I've seen where a reviewer (Corey A Doyle) on Amazon has changed their review rating because of how the whole Giffin scenario affected them. I'm a little leery of this this since you've always got to be incredibly careful of changing ratings after the fact as well as talking about the whole author thing in the review, as talking about authors in review spaces sort of paints a tempting target on your back. In any case, I see where Giffin's assistant has commented on Corey's review. (Click here to go to the review.)  I'm posting this verbatim from Amazon:

In reply to an earlier post on Aug 22, 2012 1:56:04 PM PDT
CrimznTider says:
I'm Emily's assistant, Kate. Shame on you for changing your review from FIVE STARS to ONE STAR b/c of something personal. As a vine reviewer, you know that isn't even allowed by Amazon. If your review was FIVE stars when you read the book, why should it be ONE now b/c you don't like something she or her husband did??? Her husband was defending her against an unfair, personal attack, like the ones above. Her husband is human and gets upset when people upset her...

As for the rest of your accusations, you are just plain wrong. Emily is a wonderful person--she shared with you how she felt about not reaching her goal to be #1 in on facebook. It was a sweet, heartfelt, honest post... Here it is:

"On my way to Naperville for my hometown signing. I have to admit to you guys--I'm really, really disappointed and sad not to have broken the Buffalo Bills spell... especially because I believed that based on the numbers/sales figures all week, that this book would be #1.... That said, i also want to say that I would rather have your support and love and kind words than a dozen number ones...."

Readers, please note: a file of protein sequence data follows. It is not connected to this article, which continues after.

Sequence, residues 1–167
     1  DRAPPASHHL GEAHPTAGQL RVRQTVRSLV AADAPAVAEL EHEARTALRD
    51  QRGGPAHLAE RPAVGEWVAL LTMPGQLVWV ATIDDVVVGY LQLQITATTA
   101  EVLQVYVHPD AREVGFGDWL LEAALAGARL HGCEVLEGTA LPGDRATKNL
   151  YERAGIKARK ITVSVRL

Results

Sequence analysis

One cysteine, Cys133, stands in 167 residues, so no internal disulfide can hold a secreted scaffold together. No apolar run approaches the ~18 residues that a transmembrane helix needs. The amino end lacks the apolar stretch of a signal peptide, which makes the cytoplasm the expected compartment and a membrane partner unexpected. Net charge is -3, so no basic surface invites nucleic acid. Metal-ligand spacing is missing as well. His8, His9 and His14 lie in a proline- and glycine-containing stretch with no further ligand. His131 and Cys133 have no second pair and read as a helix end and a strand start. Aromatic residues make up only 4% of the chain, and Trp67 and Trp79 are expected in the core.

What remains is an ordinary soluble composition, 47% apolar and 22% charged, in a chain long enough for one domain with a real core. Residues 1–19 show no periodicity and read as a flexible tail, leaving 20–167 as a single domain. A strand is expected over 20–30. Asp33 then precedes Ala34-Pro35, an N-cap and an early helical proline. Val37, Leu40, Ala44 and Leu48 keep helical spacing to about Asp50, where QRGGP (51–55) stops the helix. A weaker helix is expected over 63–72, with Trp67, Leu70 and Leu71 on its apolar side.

So clearly, she never blamed anyone or criticized another author. Why can't she be honest about her feelings ON HER OWN FACEBOOK PAGE? In addition, she has been told by hundreds of girls and every manager at every bookstore she has ever visited how kind she is. She came back from an exhausting tour and did everything she could to be nice to so many. She has sent literally hundreds of free things to people on her own dime.... How dare you all say these personal things about her?? This is her passion and her career and she doesn't deserve to have your unfair thoughts about her reflect on her work.

I can see where one could argue that the #1 post wasn't that bad. I can understand complaining about that to a degree, as I'm sure that it is fairly disappointing to get so close to the first spot and not achieve it. That I'm not really going to criticize any as that's not really behaving bad as much as it's an overachiever thing.